I made it into the interview room before the interviewer did. A few minutes later he entered without introducing himself, sat down at the desk and rearranged a neat stack of papers on the desk in a purely prosthetic gesture. “Hmm,” he began, “yes… well, we’ve looked over your file, studied it, and marked some revisions in the margins in case this isn’t your last interview. But you can look at those later. We all quickly agreed that you can demonstrate your suitability for the position by answering a single question.”
He gave me a fleeting, puzzled look, as if he didn’t understand that my answer was just a figure of speech. Then he cleared his throat and continued:
“Good. Here’s the question: What do you think of this question?”
“This question. What do you think of this question?”
My copy of Ready, Aim, You’re Hired! hadn’t prepared me for this. But I did know how fickle and vain management in various companies can be, and my mind raced to find some rhetorical bone to throw to him. After a few seconds I blurted out: “Well, that depends on which angle you approach it from.”
“Approach it from the angle of a new employee.”
I had been warned about this company. Working my way into this job wasn’t going to be easy. The place seemed to be staffed with chess players. On a whim I decided on a gambit, seizing on the gap in his logic: “Well, I think you’ll have to admit that it’s difficult for me to consider the question from the position of a new employee when I haven’t even been on the job yet. To approach the question from the angle of a new employee I think I’d have to spend a day or two in my new cubicle and then—”
“Ahh, the cubicle,” he interrupted, as if springing some trap of his own, “applicants these days are like teenage boys trying to make it with girls quicker than they know how, like hipster salesmen who think they can slither into someone’s living room and spread their brochures all over the floor before anyone can object. Do you think you can really get me to look the other way while you slip into the cubicle, settling into it like a hermit crab before anyone can do anything about it? Forget about the cubicle. Er, rather, don’t forget about the cubicle. Why don’t you take a look at it?”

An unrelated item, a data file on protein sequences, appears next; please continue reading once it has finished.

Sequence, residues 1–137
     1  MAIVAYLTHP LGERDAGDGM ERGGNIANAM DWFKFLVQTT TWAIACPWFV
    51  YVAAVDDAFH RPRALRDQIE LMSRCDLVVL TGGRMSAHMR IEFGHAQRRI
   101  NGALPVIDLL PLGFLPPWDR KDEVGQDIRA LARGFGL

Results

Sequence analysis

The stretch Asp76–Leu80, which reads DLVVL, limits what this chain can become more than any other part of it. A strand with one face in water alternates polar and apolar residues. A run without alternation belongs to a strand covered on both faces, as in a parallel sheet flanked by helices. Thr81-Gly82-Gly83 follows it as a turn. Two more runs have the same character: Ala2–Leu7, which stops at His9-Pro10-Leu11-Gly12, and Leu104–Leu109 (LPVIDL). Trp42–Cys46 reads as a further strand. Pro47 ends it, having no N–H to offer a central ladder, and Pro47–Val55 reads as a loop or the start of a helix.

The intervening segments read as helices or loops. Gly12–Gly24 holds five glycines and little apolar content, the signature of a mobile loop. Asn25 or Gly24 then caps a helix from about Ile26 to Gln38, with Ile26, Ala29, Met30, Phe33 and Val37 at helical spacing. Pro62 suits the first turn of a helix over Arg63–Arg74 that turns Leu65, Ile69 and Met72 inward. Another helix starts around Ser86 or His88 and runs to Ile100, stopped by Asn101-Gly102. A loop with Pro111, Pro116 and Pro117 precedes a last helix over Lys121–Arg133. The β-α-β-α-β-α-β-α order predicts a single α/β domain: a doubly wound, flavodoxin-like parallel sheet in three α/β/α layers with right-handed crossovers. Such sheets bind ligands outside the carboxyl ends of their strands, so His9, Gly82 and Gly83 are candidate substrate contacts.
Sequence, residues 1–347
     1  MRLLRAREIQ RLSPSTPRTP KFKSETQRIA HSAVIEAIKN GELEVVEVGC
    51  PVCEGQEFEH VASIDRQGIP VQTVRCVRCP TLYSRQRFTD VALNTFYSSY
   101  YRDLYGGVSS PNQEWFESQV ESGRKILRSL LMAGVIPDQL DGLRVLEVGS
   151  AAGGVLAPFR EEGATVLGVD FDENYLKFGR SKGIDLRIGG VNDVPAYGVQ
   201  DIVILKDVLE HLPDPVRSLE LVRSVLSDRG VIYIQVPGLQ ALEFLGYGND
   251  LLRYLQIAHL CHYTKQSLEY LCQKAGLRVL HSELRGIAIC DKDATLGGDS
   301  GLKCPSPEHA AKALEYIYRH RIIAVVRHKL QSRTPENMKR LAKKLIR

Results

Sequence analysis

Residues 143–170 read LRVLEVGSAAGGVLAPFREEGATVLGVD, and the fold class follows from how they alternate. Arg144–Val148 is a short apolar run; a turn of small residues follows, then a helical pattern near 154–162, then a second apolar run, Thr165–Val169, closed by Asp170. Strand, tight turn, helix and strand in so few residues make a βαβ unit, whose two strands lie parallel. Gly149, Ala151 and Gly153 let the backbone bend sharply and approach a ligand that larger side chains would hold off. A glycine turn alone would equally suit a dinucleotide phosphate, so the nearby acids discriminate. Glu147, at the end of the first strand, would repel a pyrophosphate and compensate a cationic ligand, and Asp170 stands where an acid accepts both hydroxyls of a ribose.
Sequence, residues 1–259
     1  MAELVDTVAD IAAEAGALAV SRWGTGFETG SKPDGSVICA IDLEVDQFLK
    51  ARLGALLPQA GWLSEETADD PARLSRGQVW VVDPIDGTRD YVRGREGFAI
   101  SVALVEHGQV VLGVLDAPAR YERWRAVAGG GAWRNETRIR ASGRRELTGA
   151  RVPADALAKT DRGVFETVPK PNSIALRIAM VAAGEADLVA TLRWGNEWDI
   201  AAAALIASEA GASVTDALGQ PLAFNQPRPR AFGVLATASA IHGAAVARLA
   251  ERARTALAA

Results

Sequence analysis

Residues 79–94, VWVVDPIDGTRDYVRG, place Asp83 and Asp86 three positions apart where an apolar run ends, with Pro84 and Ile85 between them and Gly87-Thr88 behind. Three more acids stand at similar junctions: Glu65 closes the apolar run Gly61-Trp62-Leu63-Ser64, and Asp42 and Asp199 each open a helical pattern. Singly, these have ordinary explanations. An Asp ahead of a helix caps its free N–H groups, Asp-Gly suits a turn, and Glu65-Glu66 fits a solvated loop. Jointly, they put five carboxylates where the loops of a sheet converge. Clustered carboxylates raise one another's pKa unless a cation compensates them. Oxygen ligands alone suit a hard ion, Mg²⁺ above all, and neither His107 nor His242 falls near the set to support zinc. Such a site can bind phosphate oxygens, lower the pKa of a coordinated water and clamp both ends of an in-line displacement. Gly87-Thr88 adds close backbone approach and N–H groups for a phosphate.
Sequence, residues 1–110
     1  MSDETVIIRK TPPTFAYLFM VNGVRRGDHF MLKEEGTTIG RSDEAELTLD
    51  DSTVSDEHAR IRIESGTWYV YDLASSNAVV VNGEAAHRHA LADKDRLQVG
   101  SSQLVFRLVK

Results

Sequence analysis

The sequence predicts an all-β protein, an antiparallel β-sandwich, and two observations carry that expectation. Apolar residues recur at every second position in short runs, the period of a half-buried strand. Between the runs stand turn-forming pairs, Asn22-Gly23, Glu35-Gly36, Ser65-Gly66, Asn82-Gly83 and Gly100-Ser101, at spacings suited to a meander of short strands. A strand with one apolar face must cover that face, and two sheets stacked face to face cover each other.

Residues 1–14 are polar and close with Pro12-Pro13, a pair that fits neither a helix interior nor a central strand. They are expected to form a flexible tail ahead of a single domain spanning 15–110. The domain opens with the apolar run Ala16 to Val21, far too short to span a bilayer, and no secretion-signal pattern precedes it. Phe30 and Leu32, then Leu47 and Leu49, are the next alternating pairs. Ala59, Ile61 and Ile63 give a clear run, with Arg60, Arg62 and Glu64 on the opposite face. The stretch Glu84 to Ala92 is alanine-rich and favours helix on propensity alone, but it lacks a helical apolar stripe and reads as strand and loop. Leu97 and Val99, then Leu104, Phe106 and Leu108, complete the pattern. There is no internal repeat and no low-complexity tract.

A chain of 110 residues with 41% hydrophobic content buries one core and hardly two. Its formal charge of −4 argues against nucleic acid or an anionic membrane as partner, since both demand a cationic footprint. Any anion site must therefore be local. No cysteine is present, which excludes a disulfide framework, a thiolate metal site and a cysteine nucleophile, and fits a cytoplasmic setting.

He opened one of the drawers in the desk and pulled out a rolled up piece of paper that turned out to be an architectural blueprint. He ran his index finger across it until he had pinpointed the location of the cubicle in question, which was indicated by faint blue lines that I had to strain my eyes to see in the dim light.
“The cubicle is right here on the blueprint. But you’re still way out here in the interview container. The cubicle is your goal, but there’s no way you can get from the interview container to the cubicle except via me. So why don’t you cooperate? And if you don’t mind, there’s one thing I don’t understand: Why are all you applicants are so eager to get into the cubicle, when everybody knows that the minute you sit down in it, scan its dimensions and physical surfaces and construct a mental image of your new domain, the first thing that will happen is that all your cognitive faculties will reflexively begin to devise the quickest path of escape, either physically or mentally, back out of the cubicle? If you’d already answered the interview question, that would be an issue I’d like to hear you address. Which reminds me, let’s get back to the question at hand: What do you think of this question?”
My dilemma was clear: He was more than willing to talk about the cubicle once the subject came up, and discussing the cubicle brought us into the mental geography of the job I was trying to land, even if his attitude in that regard was far from encouraging. So by discussing the cubicle we at least entered the possible world of my sitting in it, and thus it was clearly in my interest to steer the interview back toward the cubicle. But it would be hard to broach the subject again when I still had not given anything approaching a satisfactory answer to the monolith of a question he had planted before me. I was about to give another shot at answering when he interrupted me again.
“And here’s another thing I just don’t get. All you applicants are in such a hurry to get into the cubicle that you fail to properly appreciate the interview process itself. Again, what are you in such a hurry to get in the cubicle for? No cubicle comes before its time. For now, you should be enjoying this interview, savoring the intellectual exchange between two potential colleagues. I’m continually amazed at how the very people we’re considering for hire hold the interview in such low regard. What if this hiring process is the most enjoyable part of the job you’re applying for? With that in mind, back to the question.”